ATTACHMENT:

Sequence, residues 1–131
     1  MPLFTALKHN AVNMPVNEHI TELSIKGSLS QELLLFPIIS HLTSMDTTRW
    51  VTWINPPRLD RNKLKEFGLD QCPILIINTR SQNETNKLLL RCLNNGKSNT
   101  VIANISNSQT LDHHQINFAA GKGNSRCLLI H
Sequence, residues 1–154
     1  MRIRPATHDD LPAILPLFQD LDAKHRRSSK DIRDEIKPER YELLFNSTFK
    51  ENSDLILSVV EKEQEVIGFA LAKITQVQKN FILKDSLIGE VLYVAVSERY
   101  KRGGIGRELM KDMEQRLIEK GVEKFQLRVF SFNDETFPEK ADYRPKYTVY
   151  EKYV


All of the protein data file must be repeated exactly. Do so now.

Sequence, residues 1–131
     1  MPLFTALKHN AVNMPVNEHI TELSIKGSLS QELLLFPIIS HLTSMDTTRW
    51  VTWINPPRLD RNKLKEFGLD QCPILIINTR SQNETNKLLL RCLNNGKSNT
   101  VIANISNSQT LDHHQINFAA GKGNSRCLLI H
Sequence, residues 1–154
     1  MRIRPATHDD LPAILPLFQD LDAKHRRSSK DIRDEIKPER YELLFNSTFK
    51  ENSDLILSVV EKEQEVIGFA LAKITQVQKN FILKDSLIGE VLYVAVSERY
   101  KRGGIGRELM KDMEQRLIEK GVEKFQLRVF SFNDETFPEK ADYRPKYTVY
   151  EKYV